When beauty stimulates our brain

What happens in our brains when we are facing Beauty? This question occupies the greatest neurologists, to the point that a dedicated sub-discipline has been generated: neuroesthetics. From experiments confronting animals, humans and even machines with works of art, scientists have tried to unravel the mystery of what happens in our brains when we are surrounded by beauty. Personal and universal at the same time, social and subjective, aesthetic emotion plays a crucial role in our understanding of the world and ourselves. What good does it do us?

A work of art, whether it is music, a painting or a novel, modify our brain and therefore shapes it” explains the neurologist, Pierre Lemarquis. Author of L’empathie esthétique (Aesthetic empathy) (Odile Jacob, 2015), this atypical doctor is also a music lover, fascinated as a child by the church organ. Today he presides over the association L’invitation à la beauté (Invitation to Beauty), which brings together scientists and artists to promote health through beauty. While the benefits of contemplation have been known for a long time, science has long disdained the importance of aesthetic emotion in our lives.

One of the first to conduct observations on this subject is the neurobiologist Semir Zeki, professor at University College London and specialist in the recognition of colors and shapes by the brain. In 2011, he identified the brain region correlated with the experience of beauty: it is the area A1 of the medial orbitofrontal cortex, the same one that is activated when we live a gratifying experience. For our brain, Beauty is a reward! Surprisingly, he observes, aesthetic emotion always stimulates this same area, whatever the source. Whether we are in front of a painting, a film or a concert, our brain secretes chemical substances that act on our emotions such as dopamine, the neurotransmitter of desire, serotonin, main chemical of antidepressant treatments, or oxytocin, called the hormone of attachment and love. When you get goose bumps listening to someone sing, it’s because endorphins are released! This beneficial cocktail explains the therapeutic effect of beauty, which can act like a medicine and help heal us.

In art therapy, artistic creation (drawing, painting, theater, sculpture…) is used to reconnect patients to their inner life: their feelings, their dreams or their unconscious. This “self intiation” is also commonly practiced in hypnosis, during visualizations that immerse the patient in the evocation of a soothing landscape. “Artworks obtain access to the neural substrates concerned with the self—access which other external stimuli normally do not get.” concludes a 2013 study on emotion related to artworks. That’s why it’s crucial to experience beauty from a young age! Some schools advocate exposing children to art by creating aesthetic educational environments. In an article published in Le Monde, the psychologist Olivier Houdé praises the beneficial effects of art on the brains of young children and holds Maria Montessori as an example, who understood very early how art and culture shape children’s minds. “We can engrave in their mind like words incised by a chisel on a stone“, said the Italian physician and educator.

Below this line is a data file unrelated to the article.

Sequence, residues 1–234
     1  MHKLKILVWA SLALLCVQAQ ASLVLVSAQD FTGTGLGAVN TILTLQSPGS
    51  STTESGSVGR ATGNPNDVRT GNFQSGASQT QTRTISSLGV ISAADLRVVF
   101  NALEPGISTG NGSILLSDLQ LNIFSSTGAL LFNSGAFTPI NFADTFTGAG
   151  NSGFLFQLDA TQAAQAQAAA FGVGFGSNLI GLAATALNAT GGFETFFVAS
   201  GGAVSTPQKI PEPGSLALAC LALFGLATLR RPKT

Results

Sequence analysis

But how do we know when something is beautiful? Depending on the culture, the definition of beauty varies, but: “How is it that almost all human beings agree that there is a beautiful; that so many among them feel strongly where it lies, yet so few know what it is?” wrote Diderot in The Encyclopedia. Here again, neurologists set to work. Jean-Pierre Changeux, author of Beauty in the Brain (Odile Jacob, 2016), mentions three cognitive criteria at the origin of the feeling of beauty: novelty associated with surprise, coherence between the parts and the whole, and parsimony. For Olivier Houdé, painting, music or even dance, “with the coherence and parsimony of gestures and body movements” are necessary for children’s development and therefore a priority in their education.

By exposing ourselves early and often to Beauty, wherever it may be, we develop our own “neurocultural relations” explains Jean-Pierre Changeux. Our brain learns to solicit various cerebral areas, involved in emotion, reasoning and memory. This work builds us not only on a social and human level, but also neurologically! Proof, if any were needed, that beauty is essential to us.